(Remember: you need a liquid to turn the bonding agent into a glue. The best and easiest liquid to use is simply water, but almost any fluid may be used and even wine, brandy, honey, rose water, olive oil and beer can be used!).
Some tips and a simple recipe
There is no such thing as the perfect incense formula, however an excellent basic formula to begin your incense making with is one of twenty parts aromatic substance, four part base, and one part bonding agent. This general formula can be used as a kind of stepping- stone to more elaborate formulas. Always keep the proportion of aromatic substance at least twice as large as the base (the only exceptions to this rule are when you are working with an extremely strong or bitter herb, or if you are using only scents).
When making incense- be it cone, cylinder or stick- the ingredients should always be ground as finely as possible; this will make the incense easier to work and the finished product will burn cleaner and more evenly.
The consistency of the incense mixture should be that of a soft lumpy putty or of moist dough. It shoud be easily workable, yet not too wet (if the mixture is too wet, the incense will run and sag; if it's too dry, it will be crumbly and hard to shape).
Wet incense is a lot like wet clay. It can be formed into virtually any shape desired: that gives the incense maker a lot of flexibility and allows for some creative efforts.
In addition, you can buy inexpensive cookie cutters and cut your wet incense dough into any shape you desire- the shape might not completely burn, but they often do.
Since incense dough is so easy to work with, you'll find that you can make most anything from it. You're only limited by your own artistic skills (don't start out trying to craft sculpture: learn to make good incense first, then try your hand at sculpture!). Incense can be shaped in a wide variety of ways: from the humble but beautiful cone to the longest coil, all offer us pleasure and joy...personally, I like to make incense in many different shapes and forms- try them all and find the ones that suit you the best!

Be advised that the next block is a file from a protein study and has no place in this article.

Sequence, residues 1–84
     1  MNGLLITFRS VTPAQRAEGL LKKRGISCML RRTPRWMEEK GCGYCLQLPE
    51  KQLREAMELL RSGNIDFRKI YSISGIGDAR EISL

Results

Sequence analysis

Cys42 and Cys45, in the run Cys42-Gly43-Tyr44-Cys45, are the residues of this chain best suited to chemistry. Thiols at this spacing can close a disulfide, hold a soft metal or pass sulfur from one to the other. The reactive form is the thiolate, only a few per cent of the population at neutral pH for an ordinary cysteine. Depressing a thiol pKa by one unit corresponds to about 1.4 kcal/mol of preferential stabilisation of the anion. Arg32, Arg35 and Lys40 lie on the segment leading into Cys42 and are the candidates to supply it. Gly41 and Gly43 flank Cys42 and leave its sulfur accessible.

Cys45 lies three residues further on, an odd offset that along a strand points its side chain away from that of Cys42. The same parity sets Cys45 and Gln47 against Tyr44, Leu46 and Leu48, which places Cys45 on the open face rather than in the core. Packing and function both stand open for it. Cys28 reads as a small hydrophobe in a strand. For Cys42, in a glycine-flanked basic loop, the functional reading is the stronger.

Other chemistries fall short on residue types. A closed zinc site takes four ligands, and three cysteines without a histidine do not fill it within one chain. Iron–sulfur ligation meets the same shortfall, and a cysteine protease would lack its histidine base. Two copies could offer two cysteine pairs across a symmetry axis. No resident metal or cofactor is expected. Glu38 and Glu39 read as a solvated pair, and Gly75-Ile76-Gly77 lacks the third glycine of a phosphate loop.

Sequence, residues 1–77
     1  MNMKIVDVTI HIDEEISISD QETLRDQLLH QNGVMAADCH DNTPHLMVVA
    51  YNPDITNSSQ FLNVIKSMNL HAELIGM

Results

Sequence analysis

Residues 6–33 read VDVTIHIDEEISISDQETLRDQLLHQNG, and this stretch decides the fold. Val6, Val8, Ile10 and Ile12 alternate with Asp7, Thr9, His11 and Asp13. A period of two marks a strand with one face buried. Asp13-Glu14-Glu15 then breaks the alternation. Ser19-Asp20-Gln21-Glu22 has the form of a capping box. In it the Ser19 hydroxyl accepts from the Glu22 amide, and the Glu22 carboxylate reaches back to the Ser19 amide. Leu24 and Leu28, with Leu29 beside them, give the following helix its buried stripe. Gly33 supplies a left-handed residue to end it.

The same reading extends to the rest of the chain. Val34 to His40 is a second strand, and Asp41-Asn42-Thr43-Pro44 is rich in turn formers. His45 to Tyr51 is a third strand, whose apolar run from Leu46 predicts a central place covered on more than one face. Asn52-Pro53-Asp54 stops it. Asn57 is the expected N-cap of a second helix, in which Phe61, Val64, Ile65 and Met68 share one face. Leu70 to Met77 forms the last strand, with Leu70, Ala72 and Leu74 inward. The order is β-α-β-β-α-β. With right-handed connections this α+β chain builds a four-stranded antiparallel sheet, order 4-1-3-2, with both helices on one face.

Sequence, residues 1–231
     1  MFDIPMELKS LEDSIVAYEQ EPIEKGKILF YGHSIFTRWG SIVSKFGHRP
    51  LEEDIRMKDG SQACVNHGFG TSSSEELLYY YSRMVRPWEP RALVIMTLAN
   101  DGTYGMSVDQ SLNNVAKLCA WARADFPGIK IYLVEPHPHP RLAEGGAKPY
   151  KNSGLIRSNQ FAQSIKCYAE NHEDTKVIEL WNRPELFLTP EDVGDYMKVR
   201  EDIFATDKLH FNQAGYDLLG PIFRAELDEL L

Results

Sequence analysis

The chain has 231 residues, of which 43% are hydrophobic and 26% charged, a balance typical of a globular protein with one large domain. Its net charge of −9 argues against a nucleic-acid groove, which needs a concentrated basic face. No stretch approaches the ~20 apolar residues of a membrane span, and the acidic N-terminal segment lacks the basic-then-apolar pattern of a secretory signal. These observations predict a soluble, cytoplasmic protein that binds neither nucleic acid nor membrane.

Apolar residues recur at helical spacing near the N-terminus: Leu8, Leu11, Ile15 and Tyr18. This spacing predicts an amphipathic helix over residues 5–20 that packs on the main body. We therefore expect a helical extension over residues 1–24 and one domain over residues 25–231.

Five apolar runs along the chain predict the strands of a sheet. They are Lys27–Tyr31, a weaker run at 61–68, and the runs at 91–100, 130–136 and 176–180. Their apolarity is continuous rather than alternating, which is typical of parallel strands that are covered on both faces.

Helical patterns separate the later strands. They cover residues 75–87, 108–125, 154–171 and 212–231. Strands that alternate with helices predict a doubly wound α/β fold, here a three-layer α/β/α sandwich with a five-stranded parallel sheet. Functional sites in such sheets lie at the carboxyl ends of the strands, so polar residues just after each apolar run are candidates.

How you intend to use the incense: will you require a long burning time or will a short one do? Keep in mind that the burning time of your incense is primarily determined by its length: the longer your incense (or the taller the cone), the longer it will burn. Moreover, thick incense will burn a little slower than thin, but be wary of making incense that is too thick (never make incense thicker than an unsharpened pencil).
Proper drying is very important because improperly dried incense takes much longer to dry and may even be ruinated. I will describe the drying of cone incense, but the methods and techniques used can be readily adapted to the drying of other types of incense as well.
When you have finished making the cones, place them in a vertical position for about an hour; next, lay the cones flat, turning them occasionally (the best surface to dry incense on is wood). In warm weather, cones can be easily dried on a windowsill and it usually takes about two days for them to dry. On the other hand, incense dries very slowly when the humidity is high or on rainy days (check the weather forecast!). Proper ventilation is a must when drying incense (it should never be covered or placed in a box to dry). The cones are finally dry if you can squeeze them as hard as you can and they neither give way nor break (this method only works when using tragacanth gum; cones made of gum arabic will be too fragile to be tested in this way). After your incense is completely dry, it should be carefully stored in a glass can, in a dark and dry place.
First, prepare the glue: place a teaspoon of the ground gum in a glass of warm water and mix completely until dispersed; this natural glue is highly absorbent: allow your gum mixture to absorb the glass of water until it thickens to a paste.
In the meanwhile, create your incense base: the fundamental wood powder- the one of your choice- and ground spice, dried herbs and flowers, or any combination thereof. At this stage, add the base materials and all the aromatics of your choice (once you have defined your base, an essential oil may be added for additional scent). Finally, add one teaspoon at a time of gum- glue, mixing with your hands as you go. Add only enough of the glue to achieve the consistency of model clay or play dough from the entire mixture. Now let's shape the mixture into the forms you like the most (cones, blocks etc.). Then, let your incense dry for a week, following the above mentioned rules...when it is ready: burn and enjoy!